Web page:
Tips I have learned on how to do things in shell scripts.
Fixtures are a great feature of PyTest but using them can be tricky. I found them to be very useful when all important environment logic resides in them and tests use a consistent interface without regard to how the environment is actually set up.
There are many options to install newer Python on CentOS, including building from source, installing from EPEL, installing from Software Collections (SCL), installing third party rpm package, etc. These all work to some degree of success. I had a different use case and could not find a pre-built rpm package to fit it.
My use case had these restraints:
- Install newer Python alongside the default system version
- Install multiple Python versions simultaneously
- Install the latest release from upstream Python project not just the latest release from a repository (repo)
- Do not build from source unless absolutely necessary
I configured requiring encryption in Apache Qpid (C++ broker) by adding the following line to /etc/qpid/qpidd.conf file and restarting the broker
Later when I used qpid-stat I got an error message
$ qpid-stat -q -b user@password/localhost:5672 Failed: AuthenticationFailure - Error in sasl_client_start (-4) SASL(-4): no mechanism available
After following a mailing list post to a JIRA to a Review Board entry I found that when broker requires a secure TLS connection then the connection string must use amqps protocol instead of amqp like so
$ qpid-stat -q -b amqps://user@password/localhost:5672
I was using version 0.34 of both broker and client.
An issue in FreeBSD 11-CURRENT - where make buildworld fails when run on RPi2 - prompted an investigation on automating the creation of bootable FreeBSD images from 11-CURRENT on a Mac OS X machine.
In an ideal situation, a build process can be kicked off at any time to produce an image that can be written to a Micro SD card for the RPi2 to boot from.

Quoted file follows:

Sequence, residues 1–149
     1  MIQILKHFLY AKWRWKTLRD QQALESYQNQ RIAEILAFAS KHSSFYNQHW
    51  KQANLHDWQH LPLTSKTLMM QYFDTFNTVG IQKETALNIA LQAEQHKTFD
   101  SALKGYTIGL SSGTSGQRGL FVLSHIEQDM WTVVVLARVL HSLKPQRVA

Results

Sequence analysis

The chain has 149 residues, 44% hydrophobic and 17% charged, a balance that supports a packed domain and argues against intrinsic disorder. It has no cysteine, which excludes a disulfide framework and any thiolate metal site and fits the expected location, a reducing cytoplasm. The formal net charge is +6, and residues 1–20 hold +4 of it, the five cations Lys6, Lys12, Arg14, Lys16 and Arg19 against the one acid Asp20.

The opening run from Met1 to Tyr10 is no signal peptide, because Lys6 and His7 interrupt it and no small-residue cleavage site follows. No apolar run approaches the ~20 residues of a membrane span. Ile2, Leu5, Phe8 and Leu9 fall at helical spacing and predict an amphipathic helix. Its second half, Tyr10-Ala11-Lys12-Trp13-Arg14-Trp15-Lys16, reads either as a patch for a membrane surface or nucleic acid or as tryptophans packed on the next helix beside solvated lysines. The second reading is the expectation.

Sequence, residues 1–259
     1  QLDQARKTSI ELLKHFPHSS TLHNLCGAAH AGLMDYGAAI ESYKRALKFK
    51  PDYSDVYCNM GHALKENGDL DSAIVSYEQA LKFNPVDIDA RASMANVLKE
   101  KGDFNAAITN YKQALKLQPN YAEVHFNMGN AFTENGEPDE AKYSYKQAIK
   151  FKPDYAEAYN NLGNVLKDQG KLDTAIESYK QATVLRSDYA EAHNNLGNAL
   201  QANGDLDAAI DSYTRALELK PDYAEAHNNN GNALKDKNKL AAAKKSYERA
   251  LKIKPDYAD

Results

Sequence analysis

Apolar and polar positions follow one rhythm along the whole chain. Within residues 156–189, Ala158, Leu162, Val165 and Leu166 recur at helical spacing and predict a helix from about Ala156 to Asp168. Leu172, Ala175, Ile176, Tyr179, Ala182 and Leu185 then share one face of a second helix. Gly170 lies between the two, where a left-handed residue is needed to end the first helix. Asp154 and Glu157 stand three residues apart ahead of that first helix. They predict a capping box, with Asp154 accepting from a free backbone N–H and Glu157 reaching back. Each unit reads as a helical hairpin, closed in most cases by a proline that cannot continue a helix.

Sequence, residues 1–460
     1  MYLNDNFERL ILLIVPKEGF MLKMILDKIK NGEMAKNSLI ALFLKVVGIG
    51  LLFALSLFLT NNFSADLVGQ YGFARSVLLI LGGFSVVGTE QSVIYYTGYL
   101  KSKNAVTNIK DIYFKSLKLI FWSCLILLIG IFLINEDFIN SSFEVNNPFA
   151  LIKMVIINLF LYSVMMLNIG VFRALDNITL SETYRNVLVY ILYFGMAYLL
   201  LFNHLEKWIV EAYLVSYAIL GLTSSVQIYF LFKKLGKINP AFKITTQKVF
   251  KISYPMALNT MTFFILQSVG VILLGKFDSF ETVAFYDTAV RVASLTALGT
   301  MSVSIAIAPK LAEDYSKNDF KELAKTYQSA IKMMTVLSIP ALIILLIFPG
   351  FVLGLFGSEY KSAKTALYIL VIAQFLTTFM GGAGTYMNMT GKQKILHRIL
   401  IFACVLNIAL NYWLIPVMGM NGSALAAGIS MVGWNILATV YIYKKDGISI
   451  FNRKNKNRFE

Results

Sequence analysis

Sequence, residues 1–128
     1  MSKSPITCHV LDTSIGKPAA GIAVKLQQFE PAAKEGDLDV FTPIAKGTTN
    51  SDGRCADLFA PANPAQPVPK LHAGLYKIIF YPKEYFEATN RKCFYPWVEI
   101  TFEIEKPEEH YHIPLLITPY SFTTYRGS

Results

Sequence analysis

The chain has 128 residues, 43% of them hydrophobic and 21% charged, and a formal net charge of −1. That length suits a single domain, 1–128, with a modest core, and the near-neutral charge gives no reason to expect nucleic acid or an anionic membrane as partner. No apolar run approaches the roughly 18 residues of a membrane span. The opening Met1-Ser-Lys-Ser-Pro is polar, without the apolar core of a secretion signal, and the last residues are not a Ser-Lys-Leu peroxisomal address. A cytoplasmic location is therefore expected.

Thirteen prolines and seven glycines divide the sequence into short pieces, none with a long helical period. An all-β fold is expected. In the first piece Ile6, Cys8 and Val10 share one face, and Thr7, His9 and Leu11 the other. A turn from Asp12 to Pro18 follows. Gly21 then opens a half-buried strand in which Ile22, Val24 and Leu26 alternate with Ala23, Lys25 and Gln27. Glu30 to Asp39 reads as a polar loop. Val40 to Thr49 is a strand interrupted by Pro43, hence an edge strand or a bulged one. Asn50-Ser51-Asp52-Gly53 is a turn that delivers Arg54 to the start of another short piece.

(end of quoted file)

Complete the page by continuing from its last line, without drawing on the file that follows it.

I found at one point that using an 8GB Micro SD card caused me headaches as I ran out of disk space at some points. I would recommend buying a bigger card.
This guide was created using OS X 10.10 (Yosemite) as the "client". All instructions assume:
- Correct software installed on OS X
- You know how to use Disk Utility and CLI
- You have already assembled the Raspberry Pi (RPi) hardware (case, etc.)
- WiFi USB adapter is not connected initially (it's configured later)
- Ethernet, HDMI, keyboard, mouse are connected to Raspberry Pi
- USB to TTL serial cable is available for use (I bought this one: http://www.amazon.com/gp/product/B00QT7LQ88)
- Drivers from http://prolificusa.com/pl-2303hx-drivers/
WARNING: This is a "living document" and will be updated as I learn from my mistakes. There may be a lot of errors in this doc so all the standard disclaimers apply.
In Atom open the command palette (Shift-Command-p) and enter command Install Shell Commands.
Configure Atom as git's editor.
git config --global core.editor "atom --new-window --wait"
Now when you do git commit it should open a new Atom window for you to enter your commit message.
One often hears about tight loops in the context of programming. I never really got what it meant. Until today.
A tight loop may be described as a loop that does very little work itself but has an impact on the performance of the larger program. For example, in an O(n) loop the faster it can execute each iteration the tighter it is.
In the Python interpreter whenever I hit enter it would show a blank line without a prompt and I'd have to press enter again to see the prompt. When I exited the interpreter the terminal would not show anything I typed. Pressing the return key would show my shell prompt on the same line. Up arrow or down arrow keys did not make any difference. reset was a last resort.
Python 3.4.3 (default, Aug 26 2015, 18:29:14) [GCC 4.2.1 Compatible Apple LLVM 6.0 (clang-600.0.56)] on darwin Type "help", "copyright", "credits" or "license" for more information. >>> abs(1-0) >>> 1 >>> ^D>>> ~ $ ~ $ ~ $ reset